“I’m sorry things have got difficult with the child maintenance payments. We didn’t want it to be like this. The fallout from divorce is messy.”

“Gone through it have you?”

“Yes, actually, I have.” There was a yell from the kitchen and then the sound of running up the stairs. “I’ve got to go.”

“Let me know if anything… if he…”

“I will.” She ended the call. So many sentences had been unfinished in the last few days, so many sympathetic looks given, so many empty expressions of support. A thousand times she’d imagined him lying dead in a nearby ditch, or slumped in a drunken heap down an alleyway or even on a plane to a foreign land and a new life. None of those made any sense.

The kids were climbing the second set of stairs into the converted attic. Gary finished it two days before he disappeared, the garden was the next project, they’d talked about a holiday too, hardly topics a man about to run away would discuss. There were no signs of a struggle, his car keys, wallet and a pile of his clothes were left by the bed, converting the house into a modern day Mary Celeste.

The kids were chasing each other by the sound of it. They’d been running riot since she’d been obsessed with finding him. The last of the missing person posters landed in the printer tray as the doorbell rang. She gathered them up, ran down the stairs and opened the door to find a man dressed in a suit and raincoat, his face was the ugliest she’d ever seen.

“Sorry to disturb you,” he said, no smile, no warmth in his manner. “I’m an environmental officer from the local council.” He waved an ID card at her, but she was too distracted by his strange lumpy nose to take it in. “Have you had any problems with local wildlife in the past few days, amphibians in particular?”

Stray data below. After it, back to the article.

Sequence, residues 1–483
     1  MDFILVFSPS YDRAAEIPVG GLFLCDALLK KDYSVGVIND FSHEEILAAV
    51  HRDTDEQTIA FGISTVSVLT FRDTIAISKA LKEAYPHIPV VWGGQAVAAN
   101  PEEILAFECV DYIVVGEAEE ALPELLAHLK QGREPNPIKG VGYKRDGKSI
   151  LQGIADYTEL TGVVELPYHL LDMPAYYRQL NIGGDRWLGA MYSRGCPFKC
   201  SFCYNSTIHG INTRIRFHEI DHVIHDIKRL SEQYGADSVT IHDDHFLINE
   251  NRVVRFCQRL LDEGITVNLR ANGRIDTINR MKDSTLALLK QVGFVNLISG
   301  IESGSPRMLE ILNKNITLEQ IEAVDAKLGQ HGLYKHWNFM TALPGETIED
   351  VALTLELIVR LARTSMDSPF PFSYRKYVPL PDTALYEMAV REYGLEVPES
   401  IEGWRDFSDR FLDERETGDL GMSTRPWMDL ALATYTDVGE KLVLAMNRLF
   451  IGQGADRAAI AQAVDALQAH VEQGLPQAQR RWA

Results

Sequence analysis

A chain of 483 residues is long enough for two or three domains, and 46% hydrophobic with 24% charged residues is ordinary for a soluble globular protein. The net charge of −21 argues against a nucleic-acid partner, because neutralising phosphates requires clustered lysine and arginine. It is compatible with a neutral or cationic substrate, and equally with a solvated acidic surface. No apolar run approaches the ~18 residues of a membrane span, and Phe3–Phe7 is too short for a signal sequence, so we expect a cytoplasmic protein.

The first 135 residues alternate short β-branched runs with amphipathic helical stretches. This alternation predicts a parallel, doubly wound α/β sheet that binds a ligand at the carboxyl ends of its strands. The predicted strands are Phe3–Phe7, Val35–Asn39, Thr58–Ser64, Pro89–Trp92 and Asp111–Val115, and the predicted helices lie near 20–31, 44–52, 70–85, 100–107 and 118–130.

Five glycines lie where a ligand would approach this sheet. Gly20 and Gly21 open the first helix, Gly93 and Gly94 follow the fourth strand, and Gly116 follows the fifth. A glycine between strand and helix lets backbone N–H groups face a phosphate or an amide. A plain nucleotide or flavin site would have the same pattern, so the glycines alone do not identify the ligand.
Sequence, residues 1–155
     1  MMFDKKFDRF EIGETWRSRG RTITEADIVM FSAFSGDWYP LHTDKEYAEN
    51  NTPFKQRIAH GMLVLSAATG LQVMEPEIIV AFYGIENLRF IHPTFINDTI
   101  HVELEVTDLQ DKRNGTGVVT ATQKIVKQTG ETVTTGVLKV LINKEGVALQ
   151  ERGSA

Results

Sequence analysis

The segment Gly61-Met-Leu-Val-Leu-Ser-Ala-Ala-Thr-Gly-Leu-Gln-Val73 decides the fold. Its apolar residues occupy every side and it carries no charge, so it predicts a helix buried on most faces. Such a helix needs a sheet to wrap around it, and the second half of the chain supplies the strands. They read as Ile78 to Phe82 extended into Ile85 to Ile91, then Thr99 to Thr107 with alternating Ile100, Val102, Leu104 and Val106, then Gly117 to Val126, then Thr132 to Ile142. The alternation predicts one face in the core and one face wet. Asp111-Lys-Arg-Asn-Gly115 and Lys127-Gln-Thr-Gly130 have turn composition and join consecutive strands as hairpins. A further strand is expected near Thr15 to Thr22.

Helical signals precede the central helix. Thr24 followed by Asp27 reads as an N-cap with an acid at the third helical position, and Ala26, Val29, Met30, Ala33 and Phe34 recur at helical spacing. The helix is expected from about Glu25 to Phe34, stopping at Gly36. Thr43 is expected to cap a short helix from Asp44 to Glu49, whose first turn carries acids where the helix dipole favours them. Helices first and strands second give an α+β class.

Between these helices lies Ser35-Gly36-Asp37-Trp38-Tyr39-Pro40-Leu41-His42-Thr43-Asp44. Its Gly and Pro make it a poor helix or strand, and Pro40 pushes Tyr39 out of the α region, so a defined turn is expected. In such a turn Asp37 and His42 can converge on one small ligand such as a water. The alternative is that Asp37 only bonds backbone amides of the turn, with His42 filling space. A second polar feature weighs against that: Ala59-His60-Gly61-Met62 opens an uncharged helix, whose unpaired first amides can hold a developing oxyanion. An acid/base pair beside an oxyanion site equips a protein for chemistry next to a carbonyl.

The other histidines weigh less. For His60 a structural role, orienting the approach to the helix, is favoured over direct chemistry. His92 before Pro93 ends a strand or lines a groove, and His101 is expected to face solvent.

“Any problems with frogs or toads? We’ve had a couple of reports of them coming into people’s houses.” He noticed the posters. “Someone’s missing?”

“My husband.”

He extended a hand. “I could put one up in my office if you wish?”

She gave one to him. “Thank you. About the toad problem, we found one in the house a few days ago. Where are they coming from?”

“Population spike,” he said flatly. Everything he said was flat, there was a complete absence of emotion. “When did you find it?”

“Four days ago. It-”

A scream high up in the house stopped her, something streaked down from the sky and landed with a terrible splut less than a metre from the man.

It was the toad.

The kids were hammering down the stairs, Sue stepped out to look at the poor creature, its guts spilling out onto the driveway. The visitor peered down at it.

“This is the toad you mentioned, the one found in your house four days ago?”

“It was,” Sue replied as Matthew and Jen pushed past her.

“Matthew threw him out of the skylight!” Jen sobbed and promptly punched her younger brother on the arm.

“She was putting him down my shirt!” Matthew said, staring at the dead creature. “I didn’t mean to do it.”

“I’ll be off now,” the man said. “Nothing to be done here.”

Sue watched him go as the kids squabbled. He paused at the end of the drive, screwed the poster into a tight ball and dropped it in his coat pocket without glancing back. She looked down at the toad and somehow knew, with a certainty she couldn’t explain, that she would never see her husband again.

Thanks for hosting Jack!

I hope you enjoyed the story. If you would like to find out more about the Split Worlds project, it’s all here: www.splitworlds.com – you can also sign up to get an extra story and get each new story delivered to your inbox every week. If you would like to host a story over the coming year, either let me know in the comments or contact me through the Split Worlds site. Em x